I summered with my Grand Parents who had a house right on the beach in Bay Head NJ. What a great place to spend the summer, right? You would think. I loved the ocean, but all the Summer kids (we never saw the others) were snobby and cliquish. Whatever it was about me, I was different. My uncles introduced me around, but it didn’t take. And although I was used to being an only child, by the time I was 11, I was desperately lonely. With no friends my age, I hung out with the grown ups.
One day, I found myself at a rummage sale with one of my uncles. He pointed out an old beat up bike in a corner, and asked me if I was interested. It cost $25.00. We took it home.
I loved it instantly. I’m not even sure I would have gone near it if it had been brand new. Instead, it was red and rusty. The brakes were a suggestion at best. It rattled. It had some miles on it. Even though I was only 11, I totally related to its tattered state. And best of all: it was a girl’s bike. It felt like it had been made just for me. It had a red reflector in the back (its only accessory), and I named it Red Light. If ever there were a Rosebud in my life, this was it.
We rode everywhere that Summer. I could make up songs (and sappy lyrics) to my heart’s content, sing them to the rooftops and no one would hear me. I could ride right by the kids who shunned me and feel invincible. I had independence for the first time. I had control. My imagination took flight on Red Light. We traveled to imaginary lands, performed heroic deeds and whether I was accepted by the other kids or not didn’t matter anymore, because Red Light and I had each other. Looking back on it, Red Light was my first real friend. And that Summer, I began to heal.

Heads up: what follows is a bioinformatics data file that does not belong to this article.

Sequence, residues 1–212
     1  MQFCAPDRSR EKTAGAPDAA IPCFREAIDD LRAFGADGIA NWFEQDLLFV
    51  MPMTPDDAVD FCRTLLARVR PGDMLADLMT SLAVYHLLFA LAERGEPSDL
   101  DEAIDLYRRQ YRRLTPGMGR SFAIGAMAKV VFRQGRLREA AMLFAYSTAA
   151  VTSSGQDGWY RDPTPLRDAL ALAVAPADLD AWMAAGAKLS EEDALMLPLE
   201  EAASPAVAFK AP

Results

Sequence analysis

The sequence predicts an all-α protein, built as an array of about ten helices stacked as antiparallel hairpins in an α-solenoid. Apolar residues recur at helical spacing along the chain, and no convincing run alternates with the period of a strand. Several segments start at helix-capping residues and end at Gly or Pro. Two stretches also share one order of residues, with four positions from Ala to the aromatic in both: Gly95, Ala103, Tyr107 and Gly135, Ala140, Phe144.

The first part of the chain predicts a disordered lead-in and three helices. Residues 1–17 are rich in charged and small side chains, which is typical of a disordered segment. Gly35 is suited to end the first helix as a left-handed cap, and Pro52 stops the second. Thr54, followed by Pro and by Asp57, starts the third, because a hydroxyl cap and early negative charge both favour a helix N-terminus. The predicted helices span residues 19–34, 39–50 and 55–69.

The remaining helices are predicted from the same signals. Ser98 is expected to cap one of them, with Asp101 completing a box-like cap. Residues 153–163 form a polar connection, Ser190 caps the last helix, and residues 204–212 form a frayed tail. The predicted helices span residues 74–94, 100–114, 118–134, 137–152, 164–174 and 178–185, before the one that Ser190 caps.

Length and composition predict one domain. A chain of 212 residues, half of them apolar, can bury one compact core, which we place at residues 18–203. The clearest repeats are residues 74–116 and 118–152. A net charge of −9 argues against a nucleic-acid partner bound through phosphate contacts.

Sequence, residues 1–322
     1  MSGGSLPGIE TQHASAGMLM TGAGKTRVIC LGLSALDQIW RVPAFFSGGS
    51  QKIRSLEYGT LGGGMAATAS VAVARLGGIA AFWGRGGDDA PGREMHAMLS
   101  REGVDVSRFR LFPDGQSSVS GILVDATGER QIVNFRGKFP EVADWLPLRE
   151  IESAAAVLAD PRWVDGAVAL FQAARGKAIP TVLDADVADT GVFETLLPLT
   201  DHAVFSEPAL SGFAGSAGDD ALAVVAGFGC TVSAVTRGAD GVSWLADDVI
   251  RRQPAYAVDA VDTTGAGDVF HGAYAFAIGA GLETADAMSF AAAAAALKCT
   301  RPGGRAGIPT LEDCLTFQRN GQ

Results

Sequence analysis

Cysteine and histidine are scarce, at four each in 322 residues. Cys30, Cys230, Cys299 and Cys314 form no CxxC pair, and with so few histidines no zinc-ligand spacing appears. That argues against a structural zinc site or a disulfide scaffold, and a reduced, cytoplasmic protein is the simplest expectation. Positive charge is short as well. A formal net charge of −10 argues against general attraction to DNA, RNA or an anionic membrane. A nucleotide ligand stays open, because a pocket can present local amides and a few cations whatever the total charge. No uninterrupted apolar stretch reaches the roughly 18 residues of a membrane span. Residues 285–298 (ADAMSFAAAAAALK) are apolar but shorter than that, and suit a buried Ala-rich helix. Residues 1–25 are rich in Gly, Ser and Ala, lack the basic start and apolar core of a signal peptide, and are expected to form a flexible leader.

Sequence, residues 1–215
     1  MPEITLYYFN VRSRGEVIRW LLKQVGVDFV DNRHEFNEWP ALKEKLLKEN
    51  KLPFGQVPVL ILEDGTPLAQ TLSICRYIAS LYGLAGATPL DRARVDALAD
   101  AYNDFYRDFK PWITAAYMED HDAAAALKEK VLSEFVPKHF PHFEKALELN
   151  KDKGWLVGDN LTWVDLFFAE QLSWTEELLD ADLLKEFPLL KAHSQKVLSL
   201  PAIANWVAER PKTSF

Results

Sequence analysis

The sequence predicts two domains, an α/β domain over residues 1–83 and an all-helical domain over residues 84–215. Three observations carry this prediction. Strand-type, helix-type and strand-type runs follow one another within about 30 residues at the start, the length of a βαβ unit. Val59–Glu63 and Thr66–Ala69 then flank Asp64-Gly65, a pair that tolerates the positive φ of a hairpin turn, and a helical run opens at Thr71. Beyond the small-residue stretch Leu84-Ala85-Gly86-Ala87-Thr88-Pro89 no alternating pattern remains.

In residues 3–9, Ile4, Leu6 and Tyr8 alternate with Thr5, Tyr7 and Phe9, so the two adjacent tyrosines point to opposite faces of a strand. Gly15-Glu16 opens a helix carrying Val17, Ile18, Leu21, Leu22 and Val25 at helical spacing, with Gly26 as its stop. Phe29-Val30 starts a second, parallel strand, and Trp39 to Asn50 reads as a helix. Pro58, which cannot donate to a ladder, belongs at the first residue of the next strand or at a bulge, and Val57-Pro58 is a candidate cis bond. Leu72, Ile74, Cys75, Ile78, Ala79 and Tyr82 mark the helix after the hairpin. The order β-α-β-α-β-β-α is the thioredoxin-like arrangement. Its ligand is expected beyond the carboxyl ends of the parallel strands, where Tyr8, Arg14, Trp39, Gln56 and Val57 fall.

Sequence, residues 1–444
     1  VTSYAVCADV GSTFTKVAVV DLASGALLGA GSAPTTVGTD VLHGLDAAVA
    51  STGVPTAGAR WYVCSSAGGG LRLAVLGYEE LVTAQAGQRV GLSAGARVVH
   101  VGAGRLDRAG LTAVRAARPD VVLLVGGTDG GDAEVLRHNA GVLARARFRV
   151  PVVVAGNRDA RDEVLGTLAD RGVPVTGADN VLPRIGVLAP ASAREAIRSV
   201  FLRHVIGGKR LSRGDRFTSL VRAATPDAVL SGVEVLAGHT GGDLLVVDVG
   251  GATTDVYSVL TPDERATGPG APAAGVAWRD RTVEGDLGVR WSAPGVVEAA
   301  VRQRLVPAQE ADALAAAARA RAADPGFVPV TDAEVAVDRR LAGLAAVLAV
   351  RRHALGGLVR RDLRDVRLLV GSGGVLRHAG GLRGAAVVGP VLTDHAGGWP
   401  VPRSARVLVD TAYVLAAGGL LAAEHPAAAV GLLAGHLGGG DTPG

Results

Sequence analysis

Red Light in fact signaled a sea change in both my mother’s life and my own. Because that was the year I changed schools and went back a grade. Gone were the bullies. And miraculously, I understood everything that was being taught in class. Equally important - New Yorkers will relate to this - my mother and I moved to a bigger apartment.
Did I say bigger? We moved into a Classic Six – just the two of us – and rattled around from one glorious room to another, our voices bouncing off the walls. We didn’t even have enough furniture for the place. From living in a 1-bedroom cracker box on the Upper East Side, we went to the (then) wild and woolly Upper West, where we had our own bedrooms, a dining room, a living room, a maids room (no maid), a pantry for heavens sake – and four open exposures. We could see the sun coming up, we could see it going down – and everything in between.
I continued to ride Red Light in the Summers until one Summer I took off without it to music camp, and in a natural process of release – much as training wheels are supposed to gradually fall away - my life really began.
I wish I knew what happened to Red Light. As good a friend as it had been to me, I didn’t yet know the value of friendships. It took years for me to understand that they don’t just come along anytime (and neither do great bikes). If I could do it all over again, I’d have had it repaired. Found a place for it. Or better yet, found a kid who needed it.
But I will never forget what Red Light gave me. Acceptance, empowerment and reliable friendship at a time in my life when I had so little.
With Winter now upon us, cycling classes have been suggested to me as a way to replace my riding routine. I know people mean well, and I have an exercise bike myself. But it’s not the same. Because I don’t ride to stay in shape. I ride to escape, to imagine, to explore, to dream. I ride for the very same reasons now that I rode then (though I have long since left the bullies behind). And that was the thing about Red Light. We went places. We really went places.